How do you know that? Because people who know things — people like Ken Rosenthal — are talking about who should replace him. Rosenthal’s choice: Phil Garner. He notes that Andy MacPhail interviewed Garner when MacPhail was president of the Cubs.
I was rather surprised that Trembley was even brought back for 2010. He’s a nice fellow and someone you might want to have around when young players first break into the bigs, you know, so as not to scare them or something, but there’s a fine line between being a friendly welcoming face and perpetuating, however inadvertently, a culture that everything’s OK, win or lose. If Trembley has motivational skills they’ve eluded everyone who watches and writes about the team. He reminds me of a more sedate Ned Yost if such a thing is possible.
Firing the manager is always an exercise in scapegoating to some degree, but the Orioles don’t want for talent at the moment. It’s too early to expect them to contend, but it’s not too early for them to be playing sharper baseball, and it’s never a good time for them to be comfortable with losing, which many Orioles fans think this team is quickly becoming.
Is Phil Garner the answer? Eh, I was never a big fan of his, and there’s a danger in overreacting by bringing in rah-rah guys like him and Larry Bowa and their ilk. But it’s not like anyone expected Trembley to still be around when this team finally does contend. To the contrary, even if the team was doing better right now, he’ll long have accepted a roving instructor or special assistant job within the organization by then for being the dutiful organizational solider he has been, having been replaced by a guy with some experience with a winning team.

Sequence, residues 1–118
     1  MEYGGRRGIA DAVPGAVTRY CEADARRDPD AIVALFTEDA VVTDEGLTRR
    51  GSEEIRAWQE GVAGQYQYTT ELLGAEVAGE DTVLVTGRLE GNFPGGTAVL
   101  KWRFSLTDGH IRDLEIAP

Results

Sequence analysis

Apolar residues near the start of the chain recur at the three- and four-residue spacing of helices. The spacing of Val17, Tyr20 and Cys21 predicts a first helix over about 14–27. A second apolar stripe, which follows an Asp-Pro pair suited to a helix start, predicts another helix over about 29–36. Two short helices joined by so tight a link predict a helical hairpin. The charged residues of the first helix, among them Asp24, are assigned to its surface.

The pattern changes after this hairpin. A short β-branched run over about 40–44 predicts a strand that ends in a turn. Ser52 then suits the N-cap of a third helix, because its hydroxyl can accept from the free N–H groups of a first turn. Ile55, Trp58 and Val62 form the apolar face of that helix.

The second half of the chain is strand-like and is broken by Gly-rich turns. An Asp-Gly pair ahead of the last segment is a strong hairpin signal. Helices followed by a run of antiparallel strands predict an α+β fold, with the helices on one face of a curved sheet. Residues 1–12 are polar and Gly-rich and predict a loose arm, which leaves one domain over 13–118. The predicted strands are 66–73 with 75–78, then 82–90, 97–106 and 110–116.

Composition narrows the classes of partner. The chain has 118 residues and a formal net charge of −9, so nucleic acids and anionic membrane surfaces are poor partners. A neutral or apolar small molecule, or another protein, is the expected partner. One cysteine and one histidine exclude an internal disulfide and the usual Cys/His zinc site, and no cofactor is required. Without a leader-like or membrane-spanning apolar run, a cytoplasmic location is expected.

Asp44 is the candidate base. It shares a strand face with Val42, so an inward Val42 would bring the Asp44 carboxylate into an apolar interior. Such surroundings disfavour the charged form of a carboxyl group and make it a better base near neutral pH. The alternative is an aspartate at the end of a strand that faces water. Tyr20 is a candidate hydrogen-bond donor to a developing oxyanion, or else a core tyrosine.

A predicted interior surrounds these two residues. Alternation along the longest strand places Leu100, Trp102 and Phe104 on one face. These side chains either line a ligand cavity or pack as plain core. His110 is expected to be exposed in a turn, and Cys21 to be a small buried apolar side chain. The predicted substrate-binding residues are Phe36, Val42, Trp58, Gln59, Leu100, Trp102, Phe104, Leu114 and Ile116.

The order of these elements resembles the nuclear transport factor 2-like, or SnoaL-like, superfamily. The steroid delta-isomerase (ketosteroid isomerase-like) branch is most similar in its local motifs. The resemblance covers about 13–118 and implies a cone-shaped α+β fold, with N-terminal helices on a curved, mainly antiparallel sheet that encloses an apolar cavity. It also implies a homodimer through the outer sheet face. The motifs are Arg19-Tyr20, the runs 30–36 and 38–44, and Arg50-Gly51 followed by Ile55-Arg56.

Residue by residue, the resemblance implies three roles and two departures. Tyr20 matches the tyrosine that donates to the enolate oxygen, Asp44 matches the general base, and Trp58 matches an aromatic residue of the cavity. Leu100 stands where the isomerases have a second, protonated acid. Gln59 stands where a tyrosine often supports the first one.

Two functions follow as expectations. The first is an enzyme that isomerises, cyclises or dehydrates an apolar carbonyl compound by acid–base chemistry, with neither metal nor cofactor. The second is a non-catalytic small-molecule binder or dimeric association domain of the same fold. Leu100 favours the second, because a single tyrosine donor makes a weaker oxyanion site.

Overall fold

And really, something has to change in Baltimore, if for no other reason than to give the fans something to care about for a while.
A brutal couple of updates on the night of Jose Fernandez’s death from Jeff Passan of Yahoo and from Andre Fernandez of the Miami Herald.
Passan reports on the leadup to the fateful boat trip. About how a friend of one of the other men killed on the boat had pleaded with him not to go out in the dark. Then there’s this:
After Saturday’s game, Fernandez had asked a number of teammates to join him on the boat. One by one, they declined.
Marcell Ozuna was one of them. Andre Fernandez of the Miami Herald reports:
Following Monday’s game, Ozuna said he turned down an invitation from Fernandez after Saturday night’s game to go out with him and join him for a spin on his boat . . . “That night I told him, ‘Don’t go out,’” Ozuna said. “Everybody knew he was crazy about that boat and loved being out on the water. I told him I couldn’t go out that night because I had the kids and my wife waiting for me.
Losing a friend and teammate under such circumstances is brutal enough. Adding on survivor’s guilt would be close to impossible to bear.
David Ortiz has used Derek Jeter’s Player’s Tribune as his personal podium all year as he says goodbye to the Major Leagues. He continues that today, on the eve of his final series against the Yankees.
In it Ortiz talks about what playing the Yankees meant to him over the course of his career. About how the fan hate was real but something he embraced. About how the series back in the days of Jeter and Pettitte and Mariano and Mussina were “wars.” He also talks about how the Yankees were basically everything when he was growing up in the Dominican Republic. The only caps and shirts you saw were Yankees shirts and how they were about the only team you could see on TV there. As such, coming to Boston and then playing against the Yankees was a big, big deal.
Ortiz says “[s]ome players are born to be Yankees, you know what I’m saying? I was born to play against the Yankees.”
And he’ll get to do it only three more times.